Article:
Asian shares rose on Monday as financial shares clawed back some of last week's losses and higher oil prices buoyed energy stocks, but gains were capped by fears of further outflows from emerging equities to developed markets.
London crude prices rose by more than $2 at one point to $114.50 a barrel as worsening turmoil in Libya spurred fresh concern about disruptions to oil production.
Recent unrest in the Middle East pushed London crude prices to nearly $120 last week, their highest level since August 2008, exacerbating worries about inflationary pressures in emerging Asian economies.
Market players said emerging Asian stock markets may continue to underperform compared to developed markets such as Japan and the United States.
Underscoring the recent trend, MSCI's index of Japanese shares <.MIJP00000PJP> rose 1 percent, taking its gains for far in 2011 to nearly 6 percent, while its Indonesian index has shed some 7.5 percent <.MIID00000PID>.
There are strong concerns about inflation based on excessive liquidity and emerging markets have been hurt more by this, said Mitsushige Akino, chief fund manager at Ichiyoshi Investment Management in Tokyo.
Developed countries...are not raising interest rates while emerging markets are in the midst of doing so. That is negative for (emerging market) equities and that trend will probably still continue, Akino added.
The Nikkei <.N225> recouped early losses to end 0.9 percent higher on Monday, with some traders attributing the bounce to futures-led buying on a weaker yen against the euro and to month-end window dressing. <.T>
Some Japanese financial shares saw strong gains with Mizuho Trust & Banking Co Ltd <8404.T> jumping 6 percent after a source told Reuters that its parent Mizuho Financial <8411.T> planned to buy it out along with two other units.
MSCI's index of Asia-Pacific shares outside Japan <.MIAPJ0000PUS> edged up 0.2 percent after hitting three-month lows last week on worries that anti-government protests would spread to other Middle East oil producing countries. The ex-Japan index has lost more than 3 percent so far this year.
Part of the divergence with developed markets likely reflects position unwinding, said Adrian Foster, head of financial markets research with Rabobank International in Hong Kong.
Late last year, massive liquidity driven rallies in global equity markets helped give a boost to emerging market shares, Foster said.
That largely explains why (emerging) equity markets this year have been quite weak. Just the unwinding of these... particularly in India and also in Indonesia, Foster added.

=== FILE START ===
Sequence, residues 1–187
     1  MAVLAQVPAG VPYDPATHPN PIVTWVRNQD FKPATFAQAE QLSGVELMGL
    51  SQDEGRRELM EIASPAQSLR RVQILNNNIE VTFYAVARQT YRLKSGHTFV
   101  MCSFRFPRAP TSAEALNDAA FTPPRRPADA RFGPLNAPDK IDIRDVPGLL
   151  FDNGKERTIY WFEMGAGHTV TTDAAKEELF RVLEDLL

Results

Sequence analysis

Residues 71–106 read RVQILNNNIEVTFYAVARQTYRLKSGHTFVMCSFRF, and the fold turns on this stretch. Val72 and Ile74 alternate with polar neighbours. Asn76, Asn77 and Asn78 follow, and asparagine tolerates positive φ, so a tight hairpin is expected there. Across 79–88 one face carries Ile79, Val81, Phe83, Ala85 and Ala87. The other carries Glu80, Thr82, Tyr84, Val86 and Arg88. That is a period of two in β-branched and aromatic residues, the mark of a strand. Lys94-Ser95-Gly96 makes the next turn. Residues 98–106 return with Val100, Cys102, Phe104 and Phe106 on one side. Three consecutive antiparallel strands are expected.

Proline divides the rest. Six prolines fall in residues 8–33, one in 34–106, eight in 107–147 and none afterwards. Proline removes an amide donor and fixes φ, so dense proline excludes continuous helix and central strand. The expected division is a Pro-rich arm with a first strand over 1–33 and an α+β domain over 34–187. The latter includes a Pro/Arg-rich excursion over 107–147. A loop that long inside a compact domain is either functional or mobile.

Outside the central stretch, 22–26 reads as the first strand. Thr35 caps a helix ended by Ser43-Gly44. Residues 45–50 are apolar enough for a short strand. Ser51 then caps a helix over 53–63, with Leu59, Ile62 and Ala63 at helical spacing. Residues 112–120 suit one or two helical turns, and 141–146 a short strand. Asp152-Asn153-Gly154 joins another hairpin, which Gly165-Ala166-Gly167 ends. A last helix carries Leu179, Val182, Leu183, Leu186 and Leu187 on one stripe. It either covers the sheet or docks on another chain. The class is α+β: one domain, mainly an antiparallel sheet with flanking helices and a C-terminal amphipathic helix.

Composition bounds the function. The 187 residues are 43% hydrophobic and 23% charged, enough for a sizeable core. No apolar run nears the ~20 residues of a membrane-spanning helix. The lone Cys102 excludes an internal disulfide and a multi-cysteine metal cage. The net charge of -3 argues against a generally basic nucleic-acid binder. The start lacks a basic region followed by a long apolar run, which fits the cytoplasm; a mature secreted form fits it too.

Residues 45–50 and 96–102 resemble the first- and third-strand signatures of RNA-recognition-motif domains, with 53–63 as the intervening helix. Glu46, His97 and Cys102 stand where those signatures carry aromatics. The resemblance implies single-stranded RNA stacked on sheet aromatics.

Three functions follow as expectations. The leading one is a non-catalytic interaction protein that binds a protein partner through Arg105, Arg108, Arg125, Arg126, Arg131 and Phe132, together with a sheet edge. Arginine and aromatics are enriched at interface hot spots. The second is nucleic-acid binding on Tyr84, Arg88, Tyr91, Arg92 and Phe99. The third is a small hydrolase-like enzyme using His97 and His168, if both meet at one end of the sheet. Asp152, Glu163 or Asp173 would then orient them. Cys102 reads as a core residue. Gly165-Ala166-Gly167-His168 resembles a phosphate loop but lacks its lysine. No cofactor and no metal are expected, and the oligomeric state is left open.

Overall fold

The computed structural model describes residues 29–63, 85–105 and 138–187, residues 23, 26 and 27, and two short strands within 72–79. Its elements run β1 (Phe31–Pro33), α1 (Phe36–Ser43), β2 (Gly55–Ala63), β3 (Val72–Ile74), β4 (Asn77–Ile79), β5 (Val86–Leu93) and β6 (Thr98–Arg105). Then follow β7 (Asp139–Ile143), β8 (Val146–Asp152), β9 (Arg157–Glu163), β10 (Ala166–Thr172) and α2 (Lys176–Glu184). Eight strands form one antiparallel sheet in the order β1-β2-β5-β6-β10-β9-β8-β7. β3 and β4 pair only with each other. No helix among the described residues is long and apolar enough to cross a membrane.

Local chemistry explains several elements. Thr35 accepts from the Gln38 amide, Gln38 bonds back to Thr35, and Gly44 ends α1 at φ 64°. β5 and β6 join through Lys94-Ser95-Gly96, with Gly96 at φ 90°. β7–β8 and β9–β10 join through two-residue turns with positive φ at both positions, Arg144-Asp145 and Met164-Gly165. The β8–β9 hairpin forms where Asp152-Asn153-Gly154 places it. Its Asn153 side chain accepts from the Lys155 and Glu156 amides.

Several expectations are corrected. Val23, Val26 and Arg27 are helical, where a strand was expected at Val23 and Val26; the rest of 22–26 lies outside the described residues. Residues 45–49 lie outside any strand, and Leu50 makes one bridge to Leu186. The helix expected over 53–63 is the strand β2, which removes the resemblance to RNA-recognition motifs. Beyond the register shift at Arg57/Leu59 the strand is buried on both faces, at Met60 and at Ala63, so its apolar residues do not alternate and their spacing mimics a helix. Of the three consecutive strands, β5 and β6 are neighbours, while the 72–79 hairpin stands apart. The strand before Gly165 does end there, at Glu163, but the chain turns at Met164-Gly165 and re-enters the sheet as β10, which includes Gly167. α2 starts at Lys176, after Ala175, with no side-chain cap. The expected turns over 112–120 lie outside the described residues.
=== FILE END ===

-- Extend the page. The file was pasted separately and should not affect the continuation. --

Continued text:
A growing aversion to risky assets in the week to February 23 fueled the biggest flows to global bond funds in more than three months, and turned more investors away from emerging market stocks, according to fund tracker EPFR Global.
With more than $20 billion leaving emerging market stock funds since mid-January, it is the longest period of outflows since the financial crisis deepened in September 2008.
DOLLAR FINDS FOOTING
The dollar found a steadier footing, having rebounded after hitting a record low against the Swiss franc on Friday, but the mood remained cautious given tensions in Libya and fears of contagion.
The dollar last stood at 0.9270 francs, down 0.2 percent on the day but above a record low of 0.9229 hit against the safe haven Swiss currency on trading platform EBS on Friday.
The euro dipped 0.1 percent against the dollar to $1.3744, but the single currency was seen staying in favor ahead of a European Central Bank meeting this week.
With rising commodity prices, the ECB will likely continue its tough talk on inflation, increasing the probability of early ECB tightening, BNP Paribas analysts wrote in a note.
Traders said the euro ran into some profit-taking as did the Australian dollar, which fell 0.3 percent to $1.0143.
Elsewhere, benchmark 10-year U.S. Treasuries rose 6/32 in price to yield 3.394 percent on worries that higher fuel prices could stunt economic growth, while gold edged up 0.3 percent to $1,413.10.
Gold, a traditional safe haven, was on course for a 6.2 percent monthly gain, its biggest since November 2009.
(Additional reporting by Osamu Tsukimori in Tokyo and Ian Chua in Sydney; Editing by Richard Borsuk)